Art and culture in the South Yorkshire town of Doncaster
PUBLISHED: 00:00 05 March 2019
How the arts scene is changing in this South Yorkshire town. Martin Pilkington reports
Think of Doncaster and your first thoughts may be its once great mining industry, the railway works, or perhaps the famous racecourse where the St Leger is run, the oldest (and longest) of Britain’s five classics. But what’s going on in the arts and culture there now is front and centre in the town.
The £22 million spent creating Cast Doncaster, the thriving theatre opened there in 2013, is evidence of the town’s commitment to the arts. There’s another flagship project underway now too: ‘The council is investing about £15 million into repurposing the (former) Girls’ High School, an Edwardian building whose original front will be retained, with new spaces behind it,’ says Neil McGregor, assistant manager (Art Exhibitions and Outreach) of Heritage Doncaster. ‘We’ll be moving in there in July 2020 when the museum, art gallery, central library and rail heritage centre occupy the new building. It’s a big commitment to the arts by the council.’
Doncaster also possesses Cusworth Hall, a beautiful Grade I listed structure that acts as museum of 18th century life, which is in contrast with the elegantly Modernist 1960s’ building the gallery and museum is quitting; the latter also due to be re-purposed. Cusworth Hall is only one – albeit probably the finest one – of Doncaster’s many fine Georgian structures. Another is The Point, home to ‘darts’ – Doncaster Community Arts. ‘The Point is a big old Georgian town-house in Doncaster town centre,’ explains Amy Archer-Williams, communications officer for the organisation, ‘and it provides a very flexible space with full disabled access, our own gallery to hold our exhibitions, a studio for things like dance workshops, and lots of rooms where a multitude of different art forms can be explored.’
However impressive the buildings, it’s the creative work going on within them that is making connections to people in the town, and making a difference to lives there, with Cast at the forefront. ‘We’re a multi-performance venue, so we have comedy, music contemporary dance, and a thriving local talent programme,’ says Sian Dudley, the theatre’s head of marketing communications. ‘And last year we had more than 100,000 people attend events here.’ They epitomise the ethos of inclusivity evident in other arts organisations here too: ‘We run activities for young people that include our youth theatre, and also have a large dementia-friendly programme with dementia-friendly cinema, and activities like singing and dancing, that’s growing well,’ Sian adds, ‘Through the year we do work with a range of hard-to-reach people including refugees, asylum seekers, and quite a bit of work with children with disabilities as well, and as a venue we try to give the gold standard in accessibility – we’re the only theatre in the UK to offer a fully-integrated BSL [British Sign Language] panto all the way through its run.’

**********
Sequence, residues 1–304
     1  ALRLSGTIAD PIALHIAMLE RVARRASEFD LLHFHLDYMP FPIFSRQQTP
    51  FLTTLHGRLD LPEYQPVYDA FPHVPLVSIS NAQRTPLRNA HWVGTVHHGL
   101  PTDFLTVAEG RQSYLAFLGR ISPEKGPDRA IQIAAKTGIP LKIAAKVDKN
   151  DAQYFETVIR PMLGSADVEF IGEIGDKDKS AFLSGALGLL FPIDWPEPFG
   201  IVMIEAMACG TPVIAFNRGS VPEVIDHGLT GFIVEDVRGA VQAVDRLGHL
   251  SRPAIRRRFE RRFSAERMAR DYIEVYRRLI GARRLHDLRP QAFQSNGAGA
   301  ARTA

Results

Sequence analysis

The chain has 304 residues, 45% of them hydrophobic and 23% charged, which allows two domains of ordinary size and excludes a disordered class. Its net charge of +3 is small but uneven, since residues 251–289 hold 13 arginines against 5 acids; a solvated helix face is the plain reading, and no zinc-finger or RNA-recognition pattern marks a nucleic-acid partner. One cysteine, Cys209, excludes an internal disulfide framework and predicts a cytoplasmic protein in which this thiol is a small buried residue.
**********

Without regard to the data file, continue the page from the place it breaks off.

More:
The Point is equally involved in bringing art and culture to all. ‘We work with a diverse range of groups – families, young people, and adults including those with mental health issues and dementia,’ says Amy Archer-Williams. ‘One of our key activities is Creative Directions, which is a weekly visual arts workshop for adults living with mental health difficulties that can run from long-term conditions to, say, coping with loneliness.’ This April Creative Directions is due to run at two additional venues to connect with more people who will benefit from exploring art.
Making connections is clearly a concept close to the heart of Heritage Doncaster, much of its present work designed to explore subjects of great local significance. Its new building will house, for example, the King’s Own Yorkshire Light Infantry Museum, a regiment closely linked to the town. And for the last four years it has there has been a project funded by the HLF looking at Doncaster’s involvement in the 1914-1918 war which runs to the end of this month. ‘It explores both the home front and the combatants from the town,’ says Neil McGregor. ‘There’s a lot of outreach in that, especially to do with collecting people’s stories and digitising them. And we also have Pit Sense, a two-year project funded by Esmée Fairburn, about the mining communities in Doncaster.’
Fittingly another exhibition running at the town’s museum now is actually called Connections. ‘It brings together 70 works, starting with the very first to enter our art collection, and connecting lots of different art works here in a variety of ways,’ says Neil. One of them is a fine picture of horses at the town’s racecourse, which these days is itself connected to the performing arts, acting as a major venue for rock bands and others. This summer Madness, Jess Glynne and James are some of the acts appearing there.
Art and culture can sometimes be projected as elitist, but in Doncaster those involved in these fields seem to have broken down that barrier. What Amy Archer-Williams says of darts apparently applies across the board: ‘We work with as many art forms as we can, as many people as we can, to make the arts accessible to everyone, making sure the people of Doncaster have access to art they can experience with family or friends or whoever they want to experience it with.’